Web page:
SC House advances controversial energy reform bill; fight anticipated in Senate

Post and Courier
March 27, 2024

By Nick Reynolds

COLUMBIA — Kicking off debate on a sweeping energy policy reform bill that lawmakers have painted as a solution to the state’s looming energy crisis, Belton Republican Rep. Jay West — one of the bill’s principal architects — talked his colleagues in the state House of Representatives through what the legislation was but, mostly, what it wasn’t.

It was not, he said, a reprised version of the Baseload Review Act, the 2007 piece of legislation that laid the groundwork for scandal in the lead-up to the V.C. Sumner power plant debacle that cost ratepayers millions of dollars for a failed expansion of nuclear power.

It was not a blank check for utilities companies to extract funds from ratepayers, West said. Nor did it lay the groundwork for backroom deals between industry insiders and the regulators that oversee them — even as the legislation offered utility executives the ability to meet off-record with regulators to “promote their agenda,” as former Public Service Commissioner Tom Ervin wrote in his resignation letter to state officials earlier this month.

And it was not a wink and nod to a diminished Public Service Commission — proposed to shrink from its current seven-member roster to three — to fast-track the joint coal-to-gas conversion of the shuttered Canadys Power Plant between Dominion Energy and the state-owned power company Santee Cooper through the public approval process.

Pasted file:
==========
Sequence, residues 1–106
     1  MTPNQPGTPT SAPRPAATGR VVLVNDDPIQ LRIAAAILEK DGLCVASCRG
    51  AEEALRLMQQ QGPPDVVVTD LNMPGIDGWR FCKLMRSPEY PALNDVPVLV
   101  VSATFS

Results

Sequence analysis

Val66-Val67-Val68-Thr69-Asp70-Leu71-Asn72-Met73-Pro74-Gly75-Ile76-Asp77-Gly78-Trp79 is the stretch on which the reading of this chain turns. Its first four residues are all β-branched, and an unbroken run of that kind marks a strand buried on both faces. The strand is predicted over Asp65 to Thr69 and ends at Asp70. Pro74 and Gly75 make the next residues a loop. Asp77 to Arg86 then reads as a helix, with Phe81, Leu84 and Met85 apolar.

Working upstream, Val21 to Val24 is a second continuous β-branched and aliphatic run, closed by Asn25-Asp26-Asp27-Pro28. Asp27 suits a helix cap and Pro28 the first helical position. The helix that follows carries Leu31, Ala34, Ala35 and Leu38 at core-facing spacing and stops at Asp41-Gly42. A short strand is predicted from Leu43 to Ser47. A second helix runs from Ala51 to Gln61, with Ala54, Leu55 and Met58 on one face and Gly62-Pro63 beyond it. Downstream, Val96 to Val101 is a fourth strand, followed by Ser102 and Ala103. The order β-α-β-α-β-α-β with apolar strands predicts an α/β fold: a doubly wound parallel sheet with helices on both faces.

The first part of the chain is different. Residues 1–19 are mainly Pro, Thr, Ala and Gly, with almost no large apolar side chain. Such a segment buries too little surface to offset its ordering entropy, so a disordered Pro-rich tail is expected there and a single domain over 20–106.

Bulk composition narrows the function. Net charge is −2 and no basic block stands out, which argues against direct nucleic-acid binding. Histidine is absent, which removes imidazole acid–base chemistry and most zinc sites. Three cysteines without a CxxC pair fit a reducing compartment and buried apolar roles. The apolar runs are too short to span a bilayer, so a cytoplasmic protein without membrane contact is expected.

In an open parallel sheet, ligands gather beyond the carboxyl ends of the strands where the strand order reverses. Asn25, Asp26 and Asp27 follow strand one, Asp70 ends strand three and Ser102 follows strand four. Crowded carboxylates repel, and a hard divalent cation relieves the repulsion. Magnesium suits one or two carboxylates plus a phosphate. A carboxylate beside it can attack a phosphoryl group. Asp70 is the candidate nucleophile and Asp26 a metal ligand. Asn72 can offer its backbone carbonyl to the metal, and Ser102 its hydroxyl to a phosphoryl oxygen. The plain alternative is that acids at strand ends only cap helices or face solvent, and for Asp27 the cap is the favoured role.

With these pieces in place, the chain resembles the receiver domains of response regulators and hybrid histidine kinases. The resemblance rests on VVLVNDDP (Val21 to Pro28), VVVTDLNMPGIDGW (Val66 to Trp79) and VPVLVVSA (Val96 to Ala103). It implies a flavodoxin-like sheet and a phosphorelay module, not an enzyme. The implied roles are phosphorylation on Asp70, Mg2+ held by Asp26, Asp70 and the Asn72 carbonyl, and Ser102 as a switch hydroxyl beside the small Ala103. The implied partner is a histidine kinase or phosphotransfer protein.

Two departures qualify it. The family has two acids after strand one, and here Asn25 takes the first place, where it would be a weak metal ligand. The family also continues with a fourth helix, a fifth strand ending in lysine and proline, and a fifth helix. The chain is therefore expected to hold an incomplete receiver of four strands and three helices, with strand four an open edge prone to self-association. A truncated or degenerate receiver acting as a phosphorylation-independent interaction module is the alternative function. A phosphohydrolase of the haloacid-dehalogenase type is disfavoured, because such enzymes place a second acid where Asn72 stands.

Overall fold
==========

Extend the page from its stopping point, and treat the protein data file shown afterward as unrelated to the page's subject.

All the bill seeks to do, West said, is bring an end to the bureaucratic blockades that will delay the state from potentially bringing on nearly 2,000 megawatts of power into the state’s stressed power grid at a time its population and economy are exploding.

“The truth is the (environmentalists) lost at the PSC on Canadys, and now they’re trying to hold our state’s energy security hostage,” West said on the House floor.

Despite a resounding 88-21 vote to advance the bill on March 27, questions continue to fester around the policy, which faces an uncertain future in a more scrupulous Senate.

The Conservation Voters of South Carolina launched a $150,000 television and digital ad campaign earlier this month ripping the bill as a giveaway to utilities companies. Voices for Cooperative Power, a Washington, D.C. industry group, spent thousands on a series of targeted Facebook ads encouraging South Carolinians to support the bill, according to Meta advertising figures.

“Growing demand for power puts South Carolina’s electric grid at risk,” wrote one advertisement. “Urge your representatives to protect reliable energy!”

Environmental groups have raised questions over new restrictions on utilities’ acreage they say will have a disproportionate impact on solar energy projects. Some have raised eyebrows over language moving the Office of the Consumer Advocate under the banner of the Office of Regulatory Staff, which is responsible for facilitating major energy infrastructure projects.